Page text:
Wednesday, February 08, 2006

Three for LIC

LIC, you're in the Times today: A Long Island City Awakening. And more money for the seawall has been secured! Man, it looks pretty beat up over there.

But the most exciting thing all day is my discovery of the publication, LIC in Context: An Unorthodox Guide to Long Island City. From the book's forward:
Long Island City in Context, an alternative neighborhood exploration created by Place in History, explores the development, redevelopment and perpetual reimagining of Long Island City, one of New York City's most dynamic and misconstrued neighborhoods. The project represents a collaborative effort to make sense of this physically and socially disjointed swath of Northwestern Queens, utilizing strategies culled from the fields of planning, architecture, history and art. Neither a comprehensive neighborhood guide nor a traditional exercise in urban planning or design, the book takes an ambitious, if selective, stab at evoking what is compelling and unusual about the neighborhood through the exploration of 54 sites.

What a cool book, full of great pictures and interesting sites that I want to check out. I had no idea that LIC was the former home of the Sunshine Bakery, Chiclets, and Pierce Arrow. Or that there is a big glacial rock in the middle of a parking lot. Or that it is the home of a Titanic shrine! I love the map at the front of the book, too. I'm excited to order this book. $10 + $2.50 s/h, payable via Paypal.


Anonymous said...

Find it hard to get excited about a book that shows a bulldozered nighborhood.

Thought urbran renewal went out the window as discredited.

But I guess us regular folks just stand in the way of developers making money, right?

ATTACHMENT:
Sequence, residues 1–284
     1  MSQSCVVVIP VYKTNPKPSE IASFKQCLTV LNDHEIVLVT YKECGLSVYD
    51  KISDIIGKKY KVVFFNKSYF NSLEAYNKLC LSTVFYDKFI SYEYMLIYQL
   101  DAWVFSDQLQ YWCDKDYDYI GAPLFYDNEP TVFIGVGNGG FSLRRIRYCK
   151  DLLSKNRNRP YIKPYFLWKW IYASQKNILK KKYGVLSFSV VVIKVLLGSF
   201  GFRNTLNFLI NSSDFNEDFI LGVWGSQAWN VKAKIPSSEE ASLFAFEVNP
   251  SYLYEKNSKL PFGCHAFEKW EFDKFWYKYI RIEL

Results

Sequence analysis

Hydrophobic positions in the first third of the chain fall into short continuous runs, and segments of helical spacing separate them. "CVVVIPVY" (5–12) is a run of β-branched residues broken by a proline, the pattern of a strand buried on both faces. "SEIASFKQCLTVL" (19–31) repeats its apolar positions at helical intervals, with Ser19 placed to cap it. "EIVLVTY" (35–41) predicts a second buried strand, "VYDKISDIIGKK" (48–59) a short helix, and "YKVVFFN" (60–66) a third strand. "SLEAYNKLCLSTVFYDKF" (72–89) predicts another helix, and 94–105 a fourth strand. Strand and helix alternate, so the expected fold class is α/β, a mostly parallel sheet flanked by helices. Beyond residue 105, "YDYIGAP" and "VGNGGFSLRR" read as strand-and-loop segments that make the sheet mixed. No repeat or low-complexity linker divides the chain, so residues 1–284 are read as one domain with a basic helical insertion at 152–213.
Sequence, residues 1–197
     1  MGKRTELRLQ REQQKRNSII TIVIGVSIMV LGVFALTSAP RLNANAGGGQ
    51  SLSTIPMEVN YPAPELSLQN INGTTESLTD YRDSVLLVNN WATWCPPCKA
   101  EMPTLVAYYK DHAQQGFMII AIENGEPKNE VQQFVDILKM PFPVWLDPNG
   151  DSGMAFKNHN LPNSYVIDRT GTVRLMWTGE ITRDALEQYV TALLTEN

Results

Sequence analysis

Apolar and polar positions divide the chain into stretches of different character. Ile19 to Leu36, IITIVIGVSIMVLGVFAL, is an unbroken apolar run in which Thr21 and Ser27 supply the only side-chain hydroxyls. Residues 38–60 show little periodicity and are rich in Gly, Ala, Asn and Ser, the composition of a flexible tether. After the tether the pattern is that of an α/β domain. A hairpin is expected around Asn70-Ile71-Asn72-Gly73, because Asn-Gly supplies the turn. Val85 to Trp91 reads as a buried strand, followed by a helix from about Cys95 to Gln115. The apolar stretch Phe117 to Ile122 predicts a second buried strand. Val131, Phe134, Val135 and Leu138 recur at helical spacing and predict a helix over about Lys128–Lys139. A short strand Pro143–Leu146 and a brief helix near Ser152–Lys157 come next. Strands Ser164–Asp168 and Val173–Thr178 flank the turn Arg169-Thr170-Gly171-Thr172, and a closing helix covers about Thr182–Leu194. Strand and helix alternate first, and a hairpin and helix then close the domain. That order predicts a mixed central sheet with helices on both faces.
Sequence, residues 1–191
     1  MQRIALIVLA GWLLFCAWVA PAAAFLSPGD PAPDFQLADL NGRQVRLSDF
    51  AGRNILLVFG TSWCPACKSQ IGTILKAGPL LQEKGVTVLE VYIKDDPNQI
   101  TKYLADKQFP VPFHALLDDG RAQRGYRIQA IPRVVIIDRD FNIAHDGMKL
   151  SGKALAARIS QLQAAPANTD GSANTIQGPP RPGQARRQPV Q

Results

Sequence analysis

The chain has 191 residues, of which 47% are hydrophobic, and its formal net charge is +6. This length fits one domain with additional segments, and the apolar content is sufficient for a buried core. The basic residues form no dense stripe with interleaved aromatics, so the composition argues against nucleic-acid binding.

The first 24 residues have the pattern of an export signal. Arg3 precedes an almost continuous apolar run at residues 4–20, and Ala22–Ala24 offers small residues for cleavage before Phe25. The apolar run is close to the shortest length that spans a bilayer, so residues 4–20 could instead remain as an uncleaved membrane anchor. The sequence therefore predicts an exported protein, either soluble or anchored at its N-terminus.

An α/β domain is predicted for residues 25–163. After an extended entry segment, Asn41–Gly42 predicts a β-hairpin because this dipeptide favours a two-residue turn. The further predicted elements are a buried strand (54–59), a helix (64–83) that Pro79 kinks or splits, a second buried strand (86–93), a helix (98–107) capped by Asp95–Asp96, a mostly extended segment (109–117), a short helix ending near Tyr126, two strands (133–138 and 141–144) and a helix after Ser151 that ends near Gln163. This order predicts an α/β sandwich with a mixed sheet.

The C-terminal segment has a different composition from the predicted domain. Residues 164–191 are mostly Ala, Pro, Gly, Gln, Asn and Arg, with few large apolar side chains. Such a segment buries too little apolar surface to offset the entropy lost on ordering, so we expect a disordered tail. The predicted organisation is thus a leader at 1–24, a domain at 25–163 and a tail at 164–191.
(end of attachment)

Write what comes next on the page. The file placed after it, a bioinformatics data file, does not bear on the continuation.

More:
Zora said...

That book is totally cool--glad to see a link to it!

megc said...

Hey anon - I perused the entire book and found it to be more than pictures of a buldozered neighborhood. I saw a rich history of a part of Queens I only barely know, and by reading it I found myself really inspired to do some investigating. There are some wonderful buildings and little oddities throughout LIC, and I think that is pretty neat! Oh, a disclaimer: I was one of those kids fascinated by construction sites and piles of rubble, so the pictures of such sites in the book didn't faze me. I can't really talk about the whole developers issue, as I'm just really tired right now and don't know how to respond to you in a thoughtful way. In general, though, I'm not a big fan of developers. I worked in a real estate developer office and I was rather turned off by the whole scene there. Best part of that short-lived job was the proximity to the Union Square Greenmarket, where I could get amazing homemade donuts. Anyway, the book is really worth checking out. Truly!